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  • Sarah Anderson & Anna Trahan

Social Media Immunity Narrows



A recent opinion against Meta by the U.S. Ninth Circuit Court of Appeals may open the floodgates for lawsuits against similar social media platforms for failure to adhere to their own stated policies. Previously, social media platforms enjoyed broad immunity under Section 230(c)(1) of the Communications Decency Act (CDA) for offensive and unlawful content posted by users and third parties because the social media platforms were merely acting as “publishers.”

 

Passed in 1996, the intent of the CDA was two-fold: 1) protect online platforms from civil liability based on third-party content (protect freedom of speech); and 2) incentivize online platforms to remove content harmful to children.  After nearly 30 years of technological evolution, the expansive interpretation of immunity granted under Section 230 now protects online platforms from fault for (almost) any illicit activity on their platforms, with little accountability for failure to moderate such content as a “publisher.”

 

However, on June 4, 2024, the U.S. Ninth Circuit, which covers much of the U.S. west coast (including California, Arizona, Alaska, Hawaii, Oregon, Idaho, and Montana) found social media giant Meta open to liability for failing to protect its users from third-party advertisement fraud on its platforms.  The Ninth Circuit’s decision in Calise v. Meta Platforms held that Section 230(c)(1) of the CDA only shielded Meta from the plaintiff’s non-contract claims but did not provide immunity for plaintiff’s contract-related claims. The Calise plaintiff’s claims were brought after Meta allowed fraudulent third-party ads to appear on Facebook to the potential detriment of the users. The court found that Meta was not immune from liability for the breach of contract claims since they promised to moderate third-party ads in Meta’s publicly available Advertising Policy, which Meta keeps posted on its website.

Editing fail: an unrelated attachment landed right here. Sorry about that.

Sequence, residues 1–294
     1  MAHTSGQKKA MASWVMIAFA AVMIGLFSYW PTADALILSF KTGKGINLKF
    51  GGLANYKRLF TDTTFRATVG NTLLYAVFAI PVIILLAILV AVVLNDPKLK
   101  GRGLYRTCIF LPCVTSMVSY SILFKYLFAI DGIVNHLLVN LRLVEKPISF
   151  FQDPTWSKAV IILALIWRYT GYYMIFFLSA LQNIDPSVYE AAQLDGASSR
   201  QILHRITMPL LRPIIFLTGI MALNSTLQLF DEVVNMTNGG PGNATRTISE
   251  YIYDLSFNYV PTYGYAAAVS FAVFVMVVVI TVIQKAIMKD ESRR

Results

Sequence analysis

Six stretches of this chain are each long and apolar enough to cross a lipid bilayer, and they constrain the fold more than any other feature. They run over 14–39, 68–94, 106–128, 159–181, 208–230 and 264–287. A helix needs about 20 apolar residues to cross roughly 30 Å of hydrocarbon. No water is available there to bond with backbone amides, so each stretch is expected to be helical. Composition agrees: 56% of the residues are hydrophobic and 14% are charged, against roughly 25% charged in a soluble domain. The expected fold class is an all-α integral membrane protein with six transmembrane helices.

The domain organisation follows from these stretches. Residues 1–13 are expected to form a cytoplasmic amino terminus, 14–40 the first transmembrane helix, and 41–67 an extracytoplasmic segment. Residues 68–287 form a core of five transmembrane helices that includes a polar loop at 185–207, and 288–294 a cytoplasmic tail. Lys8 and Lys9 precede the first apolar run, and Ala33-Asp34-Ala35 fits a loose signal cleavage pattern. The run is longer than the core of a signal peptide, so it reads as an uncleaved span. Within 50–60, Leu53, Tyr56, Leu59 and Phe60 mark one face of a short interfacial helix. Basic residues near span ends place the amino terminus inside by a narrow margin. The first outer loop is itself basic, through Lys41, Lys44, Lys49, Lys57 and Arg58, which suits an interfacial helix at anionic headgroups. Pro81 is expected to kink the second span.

By making the representation in its Advertising Policy, Meta’s obligation regarding protections against third-party advertisements became a contractual duty between Meta and its users, separate from its publisher status that is otherwise protected under the CDA. In its policies, Meta promises to “combat harmful conduct,” which includes removing any “content that purposefully deceives, willfully misrepresents or otherwise defrauds or exploits others for money or property.”

 

The court found Meta without Section 230 immunity because it “manifested its intent to be legally obligated to ‘take appropriate action’ to combat scam advertisements, it became bound by a contractual duty separate from its status as a publisher.” In short, Meta’s contractual language in its Advertising Policy undercut their own publishing immunity under Section 230.

 

Just last year, the same court came to a different opinion with a similar dispute in Ynfante v. Google. In Ynfante, the Ninth Circuit determined Google immune from the plaintiff’s claims for negligence and false advertising under Section 230. There, the offending advertisement was published by a third-party, who then submitted the ad to Google for review and publishing. The court stated that Google did not “directly or materially contribute to what made the content itself unlawful,” and that Section 230 provides immunity from liability for the failure to edit or block user-generated content.  

 

Prior to the lawsuit, Google voluntarily provided a public statement stating that users “should feel confident that ads are not fraudulent or misleading.” Based on this statement, the plaintiff claimed that Google owed a duty to vet and verify advertisements for legitimacy. However, the court held that any duty of Google to vet and verify advertisements stems from Google’s role as a publisher. Alternatively, if harm resulted from the internet provider or social media’s failure to adhere other duties, such as contractual obligations, Section 230(c)(1) of the CDA would be inapplicable.

 

Distinguishing Ynfante from Calise, is the fact that Google paired its public statement about safety in advertisements with a blanket disclaimer that clearly negated any promises by Google that it would successfully identify and combat all fraudulent content on its platforms. Conversely, Meta made no such disclaimer in its Advertisement policy. Therefore, to maintain immunity for third-party content, users should expect all social media platforms to include more robust and obvious “blanket statements” disclaiming contractual obligations or other legally enforceable promises.

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